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2

持ち込む is to bring things inside, take something into. 持ってくる is just to bring things. None of them are used for people. That would be 連れてくる.


4

The difference is rather huge. 「[送]{おく}る」 means to physically "send by mail or a delivery service." What you can send must be a tangible item. It can also be a person that you 送る to some place by a mode of transportation. 「[贈]{おく}る」 means "to present a person with something". That something can be either tangible or intangible. You can 贈る a favorite ...


7

I am afraid that your understanding of the third form is incorrect. 「捕らえられていた」 is the equivalent of the English "pluperfect passive voice". There is no "progressive" expressed in this. In English, it would be "had been caught (and had stayed in captivity since)".


6

This question is trickier than it may appear to many J-learners and here is why. OP's first sentence means what s/he stated in English NOT only because 「て」 was used but also because the two activities happen to be those that could not take place simultaneously -- "brush teeth" and "eat". 「て」 can certainly signify the sequence of activities, but it can also ...


1

It's simply that てから puts a strong emphasis on the order of the actions. て is just an enumeration and doesn't necessarily imply ordering. 味噌汁を飲んでご飯を食べる。 Drink miso soup and eat rice. (both happen, maybe together, maybe one after the other, but we can't say - they're just 2 parts of a same group of actions) 味噌汁を飲んでからご飯を食べる。 First drink miso soup, and ...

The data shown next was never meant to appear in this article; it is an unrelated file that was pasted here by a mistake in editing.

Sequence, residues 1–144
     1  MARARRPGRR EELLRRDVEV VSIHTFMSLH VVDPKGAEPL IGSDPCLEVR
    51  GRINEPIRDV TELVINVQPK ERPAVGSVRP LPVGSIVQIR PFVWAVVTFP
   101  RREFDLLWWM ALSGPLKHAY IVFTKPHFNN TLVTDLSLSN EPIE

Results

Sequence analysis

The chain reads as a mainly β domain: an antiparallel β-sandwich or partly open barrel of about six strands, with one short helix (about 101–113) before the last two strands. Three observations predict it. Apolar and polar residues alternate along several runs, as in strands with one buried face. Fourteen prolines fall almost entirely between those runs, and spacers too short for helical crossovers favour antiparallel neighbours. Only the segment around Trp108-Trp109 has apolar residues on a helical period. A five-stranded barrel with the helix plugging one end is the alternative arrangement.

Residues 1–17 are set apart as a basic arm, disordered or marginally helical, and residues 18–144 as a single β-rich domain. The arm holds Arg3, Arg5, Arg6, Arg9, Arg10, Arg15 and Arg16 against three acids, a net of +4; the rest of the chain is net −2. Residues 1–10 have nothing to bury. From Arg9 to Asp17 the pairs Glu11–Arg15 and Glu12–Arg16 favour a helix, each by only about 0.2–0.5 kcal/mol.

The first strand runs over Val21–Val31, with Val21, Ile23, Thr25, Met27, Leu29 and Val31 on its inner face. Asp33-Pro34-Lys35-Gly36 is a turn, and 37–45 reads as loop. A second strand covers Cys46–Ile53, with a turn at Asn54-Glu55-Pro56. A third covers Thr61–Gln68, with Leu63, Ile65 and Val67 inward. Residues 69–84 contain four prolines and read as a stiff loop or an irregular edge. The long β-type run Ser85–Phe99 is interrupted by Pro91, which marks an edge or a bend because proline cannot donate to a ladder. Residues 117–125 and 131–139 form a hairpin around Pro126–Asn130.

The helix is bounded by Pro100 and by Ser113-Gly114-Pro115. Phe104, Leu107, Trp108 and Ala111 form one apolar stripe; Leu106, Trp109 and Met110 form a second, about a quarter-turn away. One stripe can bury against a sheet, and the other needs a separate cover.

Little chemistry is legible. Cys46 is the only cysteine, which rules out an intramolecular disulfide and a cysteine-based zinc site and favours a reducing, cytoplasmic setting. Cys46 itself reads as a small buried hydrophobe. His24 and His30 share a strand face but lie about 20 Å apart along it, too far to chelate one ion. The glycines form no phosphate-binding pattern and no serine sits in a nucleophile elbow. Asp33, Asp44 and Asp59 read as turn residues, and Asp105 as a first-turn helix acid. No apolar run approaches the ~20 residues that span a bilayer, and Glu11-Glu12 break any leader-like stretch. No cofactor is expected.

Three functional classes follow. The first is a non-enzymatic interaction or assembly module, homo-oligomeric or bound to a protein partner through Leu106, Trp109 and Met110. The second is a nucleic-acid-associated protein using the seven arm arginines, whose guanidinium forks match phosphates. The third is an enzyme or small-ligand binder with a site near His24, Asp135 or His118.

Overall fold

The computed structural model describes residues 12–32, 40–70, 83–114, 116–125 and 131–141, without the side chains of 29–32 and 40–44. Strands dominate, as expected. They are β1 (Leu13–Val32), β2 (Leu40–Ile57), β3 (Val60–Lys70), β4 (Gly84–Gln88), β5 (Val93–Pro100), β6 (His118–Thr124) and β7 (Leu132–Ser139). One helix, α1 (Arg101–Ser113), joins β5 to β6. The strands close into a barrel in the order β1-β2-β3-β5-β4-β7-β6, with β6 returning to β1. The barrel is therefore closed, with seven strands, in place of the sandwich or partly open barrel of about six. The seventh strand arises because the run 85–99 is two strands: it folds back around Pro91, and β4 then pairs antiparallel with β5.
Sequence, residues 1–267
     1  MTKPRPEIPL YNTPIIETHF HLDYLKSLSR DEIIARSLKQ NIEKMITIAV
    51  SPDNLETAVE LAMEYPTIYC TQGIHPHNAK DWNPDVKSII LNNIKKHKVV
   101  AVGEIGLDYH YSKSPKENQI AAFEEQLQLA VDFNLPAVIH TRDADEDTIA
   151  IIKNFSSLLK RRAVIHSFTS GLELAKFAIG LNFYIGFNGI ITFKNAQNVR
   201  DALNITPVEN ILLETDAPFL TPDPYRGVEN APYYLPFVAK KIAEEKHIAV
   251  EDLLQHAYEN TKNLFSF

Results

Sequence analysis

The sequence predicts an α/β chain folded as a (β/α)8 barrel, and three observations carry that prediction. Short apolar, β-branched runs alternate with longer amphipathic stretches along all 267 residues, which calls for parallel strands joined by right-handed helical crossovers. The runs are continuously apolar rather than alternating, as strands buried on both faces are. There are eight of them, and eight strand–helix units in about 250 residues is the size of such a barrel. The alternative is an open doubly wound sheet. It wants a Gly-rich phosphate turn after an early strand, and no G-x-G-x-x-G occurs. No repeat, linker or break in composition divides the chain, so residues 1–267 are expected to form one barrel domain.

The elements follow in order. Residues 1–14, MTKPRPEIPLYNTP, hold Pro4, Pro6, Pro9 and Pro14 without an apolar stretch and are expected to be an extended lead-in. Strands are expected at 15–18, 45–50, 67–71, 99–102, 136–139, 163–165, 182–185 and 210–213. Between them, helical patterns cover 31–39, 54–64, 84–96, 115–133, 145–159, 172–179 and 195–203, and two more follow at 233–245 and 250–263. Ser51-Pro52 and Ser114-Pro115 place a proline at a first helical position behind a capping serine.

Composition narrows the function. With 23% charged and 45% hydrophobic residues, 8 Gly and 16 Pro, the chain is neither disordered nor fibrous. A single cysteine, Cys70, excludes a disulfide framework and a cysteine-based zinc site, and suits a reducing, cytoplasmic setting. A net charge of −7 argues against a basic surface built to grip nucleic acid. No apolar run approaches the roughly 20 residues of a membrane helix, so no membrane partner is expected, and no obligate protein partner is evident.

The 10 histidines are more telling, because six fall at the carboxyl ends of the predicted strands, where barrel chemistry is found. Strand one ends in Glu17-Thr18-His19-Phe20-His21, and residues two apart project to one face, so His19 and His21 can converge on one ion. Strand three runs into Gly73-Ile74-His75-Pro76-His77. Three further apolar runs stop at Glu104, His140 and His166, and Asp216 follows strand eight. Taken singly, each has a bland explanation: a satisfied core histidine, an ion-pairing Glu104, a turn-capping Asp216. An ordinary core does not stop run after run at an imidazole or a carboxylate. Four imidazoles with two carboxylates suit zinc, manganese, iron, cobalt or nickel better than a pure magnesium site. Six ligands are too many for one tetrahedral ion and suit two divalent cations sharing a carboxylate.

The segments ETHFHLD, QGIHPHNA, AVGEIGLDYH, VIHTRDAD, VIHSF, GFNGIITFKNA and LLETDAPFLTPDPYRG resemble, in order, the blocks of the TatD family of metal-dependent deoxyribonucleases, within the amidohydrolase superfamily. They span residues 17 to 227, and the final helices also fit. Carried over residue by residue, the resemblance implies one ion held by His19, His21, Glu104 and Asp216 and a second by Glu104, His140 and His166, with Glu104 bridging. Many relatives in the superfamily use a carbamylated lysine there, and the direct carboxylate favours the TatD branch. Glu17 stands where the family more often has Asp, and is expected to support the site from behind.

1

You could say something like 今の{授業・クラス}は? 今なんの{授業・クラス}? 今出席の{授業・クラス}は?


13

Before considering modern Japanese, I think that it is easier to understand this by first understanding classical. Classical Japanese has three major regular verb classes: quadrigrade (四段), monograde (一段), and bigrade (二段). Both monograde and bigrade may further be sub-divided into upper (上) and lower (下). There are also four irregular classes: k-irregular, ...


2

Ichidan verbs keep a single root when conjugated, hence their name. For example 見る is 一段 so it keeps its み- stem. みる みます みない みれば みよう みて みた are used for the infinitive, conjunctive, negative, imperative, volitional, connective and past forms, respectively. On the other hand 五段 verbs change according to the verb form. For example 読む would be よむ よみます よまない よめば ...


6

The て-form of a verb followed by いた (past tense of いる: to be) indicates the past progressive tense (e.g., 食べていた "I was eating", 飲んでいた "I was drinking"). In spoken Japanese though, the い of いた is usually silent, so it sounds like tabe[teta] and non[deta].


1

First 毎夜 isn't so common. 毎晩23時ごろ or some such would be must more common. Second, つながっている is not continuous, but rather perfect aspect (completed action where the effect or state continues into the present). If you want to strongly establish a future context, why not use something like これから or 来週 or some such? つもり talks about your intent or plans for some ...



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